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Diamond Diary by Kevin Cooney

May 22, 2006


One of the age old traditions in baseball is scoreboard watching during the heat of a pennant race. A game proceeds at its normal languid, pastoral pace, when suddenly the home crowd erupts as their rival's loss is posted on the out of town scoreboard. The home team has inched closer to clinching a spot in the playoffs!

College baseball isn't any different- except the FAU scoreboard's missing bulbs make reading our own score difficult. Thanks to the computer age of Gametracker, fans with internet access can follow a crucial game as it unfolds. At the park, while your own game is in progress, the PA guy will give periodic updates of scores. When that happens, the dugout is suddenly quiet, as all ears strain to hear the good, or sometimes, bad news.

This audio intrusion just adds another layer to the stress and tension of coaching in a big game or series.

That's just what I need.

How does a coach handle the stress of game day in the season ending series that will determine which teams will continue playing, and which ones who will clean out their apartments and head home?

I don't know about my peers, but I kept an 8:30 am appointment at the dentist.

The hygienist asked if I had been under a lot of stress lately. It seems my teeth appear to be ground down a bit more than the last visit. I spared her the details and just shook my head yes.

After that relaxing start, the next thing on this 55-year old coach's schedule was a kindergarten graduation. Unlike the other oldtimers in attendance, I was a father videotaping his son, not his grandson.

Luke Cooney, age six, was part of a Broadway caliber parody of The Sound of Music, directed by Mrs. Lucas and Miss Lisa at St. Jude's school. Luke looked just like one of the Von Trapp kids- complete with shorts, suspenders, and lederhosen.

The words of Rogers and Hammerstein were adapted to fit the learning experiences of Luke's class during their first year in school. It was a great show and testament to the hard work of the kids and their teachers. Mrs. Lucas was living proof that "the show must go on", as she had given birth the day before but was there as the curtain rose.

The other parents were all smiles as they enjoyed the show, but the one old father seemed to be the only one crying!

I admit to being an emotional Irishman, but this was something more.

Maybe I was the only one who had already raised two kids, which certainly provided a broader perspective to the event. I looked at those kids through the eyes of a father who had already made many of the mistakes these other parents hoped to avoid. My kids and I have already experienced the highs and lows that are all part of growing up as fathers and sons.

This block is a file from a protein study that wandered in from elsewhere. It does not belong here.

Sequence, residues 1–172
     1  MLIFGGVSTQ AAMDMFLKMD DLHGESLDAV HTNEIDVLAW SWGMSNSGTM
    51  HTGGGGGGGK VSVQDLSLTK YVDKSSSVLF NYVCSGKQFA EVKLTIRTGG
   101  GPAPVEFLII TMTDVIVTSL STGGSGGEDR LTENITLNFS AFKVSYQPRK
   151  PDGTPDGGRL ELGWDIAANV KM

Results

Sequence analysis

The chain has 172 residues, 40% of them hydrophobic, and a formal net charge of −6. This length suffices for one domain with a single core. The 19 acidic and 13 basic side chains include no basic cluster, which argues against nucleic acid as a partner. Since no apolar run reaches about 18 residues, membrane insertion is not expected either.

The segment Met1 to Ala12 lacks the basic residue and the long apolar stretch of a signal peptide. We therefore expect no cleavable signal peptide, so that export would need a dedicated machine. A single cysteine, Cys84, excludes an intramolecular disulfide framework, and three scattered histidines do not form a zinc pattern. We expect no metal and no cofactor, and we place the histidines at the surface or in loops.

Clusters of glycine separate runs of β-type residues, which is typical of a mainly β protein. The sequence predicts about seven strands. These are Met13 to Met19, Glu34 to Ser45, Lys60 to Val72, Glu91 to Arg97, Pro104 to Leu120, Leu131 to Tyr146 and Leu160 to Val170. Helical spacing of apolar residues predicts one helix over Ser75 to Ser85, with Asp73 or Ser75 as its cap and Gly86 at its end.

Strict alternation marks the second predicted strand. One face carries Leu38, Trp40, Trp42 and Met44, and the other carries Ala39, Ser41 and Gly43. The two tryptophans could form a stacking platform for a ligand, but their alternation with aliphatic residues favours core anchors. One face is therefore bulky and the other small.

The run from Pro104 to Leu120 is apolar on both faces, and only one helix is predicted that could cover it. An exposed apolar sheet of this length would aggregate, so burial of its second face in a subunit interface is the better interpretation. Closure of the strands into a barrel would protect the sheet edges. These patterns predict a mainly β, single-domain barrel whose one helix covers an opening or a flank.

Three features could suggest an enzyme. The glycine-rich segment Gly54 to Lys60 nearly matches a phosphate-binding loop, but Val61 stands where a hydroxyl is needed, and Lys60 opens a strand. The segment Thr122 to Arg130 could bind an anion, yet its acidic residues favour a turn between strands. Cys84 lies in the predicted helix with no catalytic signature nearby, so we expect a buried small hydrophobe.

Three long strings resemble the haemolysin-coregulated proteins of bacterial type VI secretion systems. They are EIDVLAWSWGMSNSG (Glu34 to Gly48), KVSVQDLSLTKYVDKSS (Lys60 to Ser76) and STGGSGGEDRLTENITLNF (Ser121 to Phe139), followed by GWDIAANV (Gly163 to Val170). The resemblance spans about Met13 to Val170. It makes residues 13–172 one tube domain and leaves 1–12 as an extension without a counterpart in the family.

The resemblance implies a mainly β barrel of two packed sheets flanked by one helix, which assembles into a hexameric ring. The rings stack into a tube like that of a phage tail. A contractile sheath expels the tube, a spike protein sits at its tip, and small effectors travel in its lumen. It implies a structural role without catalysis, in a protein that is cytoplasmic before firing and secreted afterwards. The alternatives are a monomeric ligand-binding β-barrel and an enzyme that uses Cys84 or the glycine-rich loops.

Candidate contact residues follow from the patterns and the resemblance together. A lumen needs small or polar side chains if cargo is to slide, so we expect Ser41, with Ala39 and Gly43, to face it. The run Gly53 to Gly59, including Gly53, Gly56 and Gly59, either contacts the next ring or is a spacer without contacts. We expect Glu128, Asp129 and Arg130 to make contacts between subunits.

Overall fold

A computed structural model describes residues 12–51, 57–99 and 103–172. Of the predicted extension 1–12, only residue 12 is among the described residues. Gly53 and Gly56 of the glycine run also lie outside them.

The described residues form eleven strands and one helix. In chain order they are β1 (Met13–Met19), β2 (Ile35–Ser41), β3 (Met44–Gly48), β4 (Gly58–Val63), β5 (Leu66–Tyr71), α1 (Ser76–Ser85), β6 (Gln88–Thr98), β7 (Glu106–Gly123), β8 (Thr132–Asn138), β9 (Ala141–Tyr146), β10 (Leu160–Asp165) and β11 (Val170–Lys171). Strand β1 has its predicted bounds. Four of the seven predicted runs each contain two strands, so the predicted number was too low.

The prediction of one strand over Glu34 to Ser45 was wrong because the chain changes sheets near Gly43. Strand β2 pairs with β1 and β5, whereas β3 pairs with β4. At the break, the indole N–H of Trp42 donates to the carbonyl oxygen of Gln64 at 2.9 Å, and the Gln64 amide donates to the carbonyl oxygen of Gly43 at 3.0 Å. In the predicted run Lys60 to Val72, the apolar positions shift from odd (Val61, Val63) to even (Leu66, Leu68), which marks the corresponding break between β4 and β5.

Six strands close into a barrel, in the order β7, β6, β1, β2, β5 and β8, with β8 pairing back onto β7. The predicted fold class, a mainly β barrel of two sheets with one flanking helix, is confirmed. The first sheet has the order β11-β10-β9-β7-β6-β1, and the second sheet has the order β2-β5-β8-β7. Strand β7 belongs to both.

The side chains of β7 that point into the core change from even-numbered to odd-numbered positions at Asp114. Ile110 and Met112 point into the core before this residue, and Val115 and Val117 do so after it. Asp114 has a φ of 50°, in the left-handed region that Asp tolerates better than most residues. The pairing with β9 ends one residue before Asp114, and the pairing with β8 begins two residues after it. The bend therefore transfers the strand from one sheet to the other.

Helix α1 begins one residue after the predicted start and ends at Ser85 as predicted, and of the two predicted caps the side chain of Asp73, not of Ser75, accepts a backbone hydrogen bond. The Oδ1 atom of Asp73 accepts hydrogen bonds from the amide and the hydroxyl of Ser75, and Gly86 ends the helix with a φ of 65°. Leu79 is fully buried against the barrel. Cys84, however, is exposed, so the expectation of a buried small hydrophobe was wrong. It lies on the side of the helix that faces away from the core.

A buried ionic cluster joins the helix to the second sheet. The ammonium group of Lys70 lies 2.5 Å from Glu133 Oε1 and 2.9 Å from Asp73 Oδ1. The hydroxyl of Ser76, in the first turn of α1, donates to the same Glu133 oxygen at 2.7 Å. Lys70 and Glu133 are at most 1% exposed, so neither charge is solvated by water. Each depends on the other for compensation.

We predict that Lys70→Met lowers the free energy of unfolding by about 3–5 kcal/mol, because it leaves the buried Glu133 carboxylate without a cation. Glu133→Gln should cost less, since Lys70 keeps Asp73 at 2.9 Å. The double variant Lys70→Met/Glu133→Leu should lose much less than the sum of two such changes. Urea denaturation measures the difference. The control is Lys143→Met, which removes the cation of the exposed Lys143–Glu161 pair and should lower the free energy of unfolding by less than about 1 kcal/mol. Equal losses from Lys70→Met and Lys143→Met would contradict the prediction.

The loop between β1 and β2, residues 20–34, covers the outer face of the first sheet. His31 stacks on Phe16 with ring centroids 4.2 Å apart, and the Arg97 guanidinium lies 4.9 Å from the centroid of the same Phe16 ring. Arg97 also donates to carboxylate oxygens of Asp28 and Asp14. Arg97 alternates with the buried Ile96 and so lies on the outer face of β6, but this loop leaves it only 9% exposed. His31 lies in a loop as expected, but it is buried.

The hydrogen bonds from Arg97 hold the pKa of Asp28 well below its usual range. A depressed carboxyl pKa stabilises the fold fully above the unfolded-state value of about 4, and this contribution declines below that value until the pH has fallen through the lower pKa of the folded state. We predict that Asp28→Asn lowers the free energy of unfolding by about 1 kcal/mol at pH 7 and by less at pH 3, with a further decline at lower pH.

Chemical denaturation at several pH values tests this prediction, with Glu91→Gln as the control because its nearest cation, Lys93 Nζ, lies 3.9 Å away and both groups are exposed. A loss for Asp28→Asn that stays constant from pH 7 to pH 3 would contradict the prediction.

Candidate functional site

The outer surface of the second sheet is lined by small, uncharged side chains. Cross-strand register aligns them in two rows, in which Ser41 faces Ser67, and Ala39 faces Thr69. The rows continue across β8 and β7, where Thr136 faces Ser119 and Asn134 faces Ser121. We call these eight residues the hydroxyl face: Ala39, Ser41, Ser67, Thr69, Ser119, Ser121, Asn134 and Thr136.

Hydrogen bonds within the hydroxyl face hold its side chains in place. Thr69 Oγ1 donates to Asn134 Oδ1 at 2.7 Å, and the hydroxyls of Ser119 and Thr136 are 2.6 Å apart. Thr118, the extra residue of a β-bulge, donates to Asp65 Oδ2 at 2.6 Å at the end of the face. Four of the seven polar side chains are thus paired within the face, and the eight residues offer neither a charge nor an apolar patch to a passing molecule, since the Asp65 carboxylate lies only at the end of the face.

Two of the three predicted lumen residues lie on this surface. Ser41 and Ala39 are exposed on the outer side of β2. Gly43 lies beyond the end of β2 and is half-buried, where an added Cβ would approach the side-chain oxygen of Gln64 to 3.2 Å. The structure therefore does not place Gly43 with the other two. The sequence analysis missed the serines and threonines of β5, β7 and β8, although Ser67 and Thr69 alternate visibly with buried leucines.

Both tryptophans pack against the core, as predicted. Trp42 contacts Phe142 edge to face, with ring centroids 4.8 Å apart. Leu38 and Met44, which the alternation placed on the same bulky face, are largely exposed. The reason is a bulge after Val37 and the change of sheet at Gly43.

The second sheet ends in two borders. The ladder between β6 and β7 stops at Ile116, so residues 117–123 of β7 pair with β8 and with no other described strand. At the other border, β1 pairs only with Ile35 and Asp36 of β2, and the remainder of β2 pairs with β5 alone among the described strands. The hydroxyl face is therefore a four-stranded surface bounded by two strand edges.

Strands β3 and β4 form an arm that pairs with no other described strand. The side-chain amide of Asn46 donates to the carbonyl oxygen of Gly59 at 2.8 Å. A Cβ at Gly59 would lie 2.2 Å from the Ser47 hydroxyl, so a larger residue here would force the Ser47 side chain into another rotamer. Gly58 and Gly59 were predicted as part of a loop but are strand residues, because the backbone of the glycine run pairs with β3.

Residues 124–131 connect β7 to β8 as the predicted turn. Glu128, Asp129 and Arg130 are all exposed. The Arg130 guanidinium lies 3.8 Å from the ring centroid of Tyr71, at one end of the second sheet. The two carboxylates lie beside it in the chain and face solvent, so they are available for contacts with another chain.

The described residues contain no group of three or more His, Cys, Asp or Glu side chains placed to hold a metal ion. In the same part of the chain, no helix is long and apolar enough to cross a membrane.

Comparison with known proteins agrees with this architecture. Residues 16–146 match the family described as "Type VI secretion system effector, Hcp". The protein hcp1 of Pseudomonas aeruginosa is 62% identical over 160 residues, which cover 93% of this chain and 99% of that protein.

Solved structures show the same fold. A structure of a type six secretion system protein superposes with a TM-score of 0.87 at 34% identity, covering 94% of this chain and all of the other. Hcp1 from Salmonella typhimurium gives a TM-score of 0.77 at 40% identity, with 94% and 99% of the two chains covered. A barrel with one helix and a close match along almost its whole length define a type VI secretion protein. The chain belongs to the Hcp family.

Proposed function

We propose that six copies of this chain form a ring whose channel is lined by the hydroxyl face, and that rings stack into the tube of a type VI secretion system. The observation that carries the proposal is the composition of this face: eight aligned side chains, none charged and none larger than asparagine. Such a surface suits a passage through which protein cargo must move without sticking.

Every one of those freshly scrubbed, innocent faces held all the promise that being six years old entails. They haven't given much thought about life that is anything but filled with hope and trust. Hope that their world will always be bright, and trust that their parents will help make it so.

I left Luke and his classmates behind, as they attacked their cake and howled at baby pictures of each other on a big screen, and headed for the office.

It was time for the Stetson -Gardner Webb game on the computer.

Fossas and I grabbed some sandwiches and hoped for the best. But the news from Boiling Springs didn't go our way, as the Bulldogs won it in the ninth. We needed to beat East Tennessee just to remain tied.

Before BP ended, the second game had Stetson in front 4-0 and a rain delay in progress.

We turned our attention to the game at hand, and with two outs, scored four runs in the first inning, Alex Silversmith drove in Tim Mascia, who had doubled, and Mike McKenna delivered the big blow with a three run homer. Mickey Story was on the mound, and the night looked promising.

Mickey plunked the ninth hitter leading off the third. A single, a balk, a sac fly, and another single, and the Bucs had cut our lead in half. The tension was back.

But Mickey was on a mission. He made some adjustments and started racking up the strikeouts, as he retired 16 of the next 18 batters. Meanwhile, we built an inning in the sixth.

Danny Cook beat out an infield hit and Mike McKenna walked on four pitches.

A sac bunt was in order, but Will Block was swinging a hot bat and we would be leaving the eighth and ninth hitters the task of driving in the runs. I let Will hit away, and he drilled a single to left. Now, faced with the same decision as Nick Arata stood in, I made the same choice-bang, another single, another run across the plate.

Mario Duarte, batting ninth laid down a perfect bunt to move the runners to second and third. Jordan Hafer delivered Block with a sacrifice fly, and the lead was five.